Yes, in typical local authority speak, it’s a mouthful, but it’s a big name with big ideas that wants to change the look and feel of the city over the next 15 years.
It is the follow-up development plan from Liverpool Vision, the people who brought us the Strategic Regeneration Framework 2001, that plan included Liverpool ONE, the Arena, the re-imagining of Lime St and aiming to be the 2008 European Capital of Culture; so we can be fairly confident that the things Liverpool Vision dreams up have a good chance of being implemented.
Here’s the promo video
Launched on 1st November at an event hosted at the Echo Arena the SIF is a new plan to bring a more coherent structure the the recent developments and the city as a whole, you can read the whole plan here. There are fewer of the major set-pieces that the SRF 2001 brought to us, the SIF seems more concerned about improving the overall feel of the city rather than large set-piece building projects and for the most part it looks very hopeful.
If this were a Bond movie what has gone before would be the dramatic pre-credit sequence, the plot and the character exposition are still to come.
Of most interest to us is what this will all mean for cyclists, as I have shown in the past, the opportunity provided by new developments and lots of money can easily be missed if there is a lack of will or imagination. It is vital that with this latest plan the developers understand that no city can consider itself to be a city of the 21st century without building in to its very fabric the most efficient form of transport known to man.
|Thanks to Gas2 for this graphic|
The SIF doesn’t say an awful lot about cycling but it does offer a little encouragement. One of the proposals is called ‘Great Streets’ and recognises the importance, attractiveness and opportunity available in some of the city centre’s largest roads; the Strand, Dale St, Water St, Lime St and Hope St. The SIF says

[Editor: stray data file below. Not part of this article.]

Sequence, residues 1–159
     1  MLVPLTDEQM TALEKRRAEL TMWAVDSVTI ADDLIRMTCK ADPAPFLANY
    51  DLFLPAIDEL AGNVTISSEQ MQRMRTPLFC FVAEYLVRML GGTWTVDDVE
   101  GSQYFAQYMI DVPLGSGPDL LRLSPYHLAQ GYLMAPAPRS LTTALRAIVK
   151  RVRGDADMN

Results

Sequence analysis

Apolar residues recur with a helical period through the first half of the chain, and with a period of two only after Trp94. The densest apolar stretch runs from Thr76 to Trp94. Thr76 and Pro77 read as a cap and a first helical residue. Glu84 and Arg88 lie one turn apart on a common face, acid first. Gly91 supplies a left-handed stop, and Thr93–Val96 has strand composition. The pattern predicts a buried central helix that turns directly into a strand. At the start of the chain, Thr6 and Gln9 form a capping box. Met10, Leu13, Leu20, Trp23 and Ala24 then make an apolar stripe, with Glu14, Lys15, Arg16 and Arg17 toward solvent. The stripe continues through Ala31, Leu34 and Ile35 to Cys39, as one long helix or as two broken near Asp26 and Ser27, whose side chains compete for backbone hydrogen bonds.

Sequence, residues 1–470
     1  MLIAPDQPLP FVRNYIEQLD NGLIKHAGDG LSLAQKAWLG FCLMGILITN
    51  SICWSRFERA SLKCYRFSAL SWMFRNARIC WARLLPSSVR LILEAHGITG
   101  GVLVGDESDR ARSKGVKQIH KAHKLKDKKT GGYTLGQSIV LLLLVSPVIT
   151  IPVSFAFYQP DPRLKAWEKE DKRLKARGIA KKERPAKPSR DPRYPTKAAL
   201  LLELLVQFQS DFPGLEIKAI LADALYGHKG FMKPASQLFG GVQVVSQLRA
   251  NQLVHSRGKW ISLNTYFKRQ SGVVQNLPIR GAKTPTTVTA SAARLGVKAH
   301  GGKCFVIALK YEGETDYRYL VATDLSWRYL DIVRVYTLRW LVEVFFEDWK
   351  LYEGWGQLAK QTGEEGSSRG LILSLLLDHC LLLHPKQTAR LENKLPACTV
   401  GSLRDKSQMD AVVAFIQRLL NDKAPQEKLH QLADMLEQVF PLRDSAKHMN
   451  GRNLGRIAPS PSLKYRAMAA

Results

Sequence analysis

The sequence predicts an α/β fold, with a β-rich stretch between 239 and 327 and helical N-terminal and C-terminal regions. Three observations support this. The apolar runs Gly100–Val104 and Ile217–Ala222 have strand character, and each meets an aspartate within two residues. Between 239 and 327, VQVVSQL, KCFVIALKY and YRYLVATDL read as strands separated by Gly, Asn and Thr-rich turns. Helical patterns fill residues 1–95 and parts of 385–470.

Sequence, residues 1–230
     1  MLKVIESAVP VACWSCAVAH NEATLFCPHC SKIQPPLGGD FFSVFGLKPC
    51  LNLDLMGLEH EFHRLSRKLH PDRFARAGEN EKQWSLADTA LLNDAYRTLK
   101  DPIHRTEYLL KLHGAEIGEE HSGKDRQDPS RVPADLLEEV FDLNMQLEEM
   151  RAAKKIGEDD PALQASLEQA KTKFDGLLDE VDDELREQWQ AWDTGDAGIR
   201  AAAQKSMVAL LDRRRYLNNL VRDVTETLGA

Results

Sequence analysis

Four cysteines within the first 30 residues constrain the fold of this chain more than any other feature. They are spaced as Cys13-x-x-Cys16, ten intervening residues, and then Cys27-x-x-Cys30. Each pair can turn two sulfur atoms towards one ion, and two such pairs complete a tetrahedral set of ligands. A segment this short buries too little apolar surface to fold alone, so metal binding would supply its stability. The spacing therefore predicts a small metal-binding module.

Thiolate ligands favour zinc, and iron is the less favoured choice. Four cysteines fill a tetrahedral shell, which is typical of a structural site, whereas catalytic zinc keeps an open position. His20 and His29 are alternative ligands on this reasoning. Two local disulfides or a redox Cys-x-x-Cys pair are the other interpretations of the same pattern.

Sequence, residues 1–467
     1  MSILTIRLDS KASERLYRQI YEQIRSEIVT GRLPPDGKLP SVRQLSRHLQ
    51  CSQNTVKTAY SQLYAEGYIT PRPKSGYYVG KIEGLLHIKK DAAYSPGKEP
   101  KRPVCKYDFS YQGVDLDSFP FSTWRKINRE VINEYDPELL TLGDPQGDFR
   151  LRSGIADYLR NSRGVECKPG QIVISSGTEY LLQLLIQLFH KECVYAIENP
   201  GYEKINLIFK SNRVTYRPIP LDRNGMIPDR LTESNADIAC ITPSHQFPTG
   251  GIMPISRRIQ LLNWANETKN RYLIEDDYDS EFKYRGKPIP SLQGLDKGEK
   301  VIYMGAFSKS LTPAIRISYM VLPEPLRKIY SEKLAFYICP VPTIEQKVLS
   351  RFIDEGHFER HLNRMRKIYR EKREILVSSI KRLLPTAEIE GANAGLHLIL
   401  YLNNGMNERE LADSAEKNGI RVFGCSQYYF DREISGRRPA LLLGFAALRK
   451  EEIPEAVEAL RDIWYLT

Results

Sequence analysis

Improvements to pedestrian and cycle movement along Water Street / Dale Street, to provide a continuous safe and legible route from the Waterfront to Lime Street Station. The street is currently dominated by buses and little else, with the streetscape quality inconsistent. With Princes Dock becoming a point of embarkation and disembarkation for the world’s cruise liners, this will present significant opportunities to invest in the public realm, to generate significant visitor footfall and leverage private sector investment.
Exhibition Road in London is cited as an example of what this might mean, I’ve not visited Exhibition Road so I’m not exactly sure what this means, but as a shared space there is always the problem of might is right.
The Strand is to be given several pedestrian ‘bridges’ at key points, the thought being that the Strand is like a river bisecting the city, this is a polite way of putting it. The Strand is a hostile urban motorway with tens of thousands of motor vehicles travelling along it each day most of whom seem to be breaking the speed limit, often by a considerable margin, 50mph in a 30mph zone is commonplace. It cuts off the retail and transport sectors in the centre from the tourist attractions at the riverside. The current situation is, frankly, shameful and embarrassing to think that the hundreds of thousands of tourists visiting the city have to negotiate this route to see some of the city’s best sights. The plans for the Strand seem *ahem*, unambitious and I will deal with them in a separate post.
The document returns later to consider walking and cycling as a separate issue.
In terms of connectivity, Liverpool has a legible grid of streets at a scale that is appropriate for walking and cycling around the centre.
However, there are areas of the city that are disconnected and feel ‘cut-off’ from the City Centre’s activity and energy due to the detailed design of street layouts which focus primarily on vehicle movement with walking and cycling considered secondary. Improving the connections for walking and cycling along key strategic routes will help to ‘tie-in’ currently dislocated areas into the city core.
Improving the journey for walking and cycling can involve:
• Appropriate sign posting
• Improved lighting
• High-quality surfaces which show continuation throughout the route
• Improved priority in favour of people walking and cycling, and
• Promotion of the route to the visitor where appropriate.
They are making some of the right noises but we won’t really know until we see the detail of the plans.
Overall I think the general aim of the SIF is admirable and by making it a more livable city it will encourage the investment it seeks. It’s now up to us to make sure we aren’t fobbed off with unsuitable cycle facilities and in this aim we must be uncompromising, only the highest standards of infrastructure must be allowed. Opportunities have been missed in the past, one again Liverpool is given the opportunity to become a leading 21st century city, one of the best cycling cities in the kingdom, let’s hope this time the developers can see which way the tide is turning on the Mersey.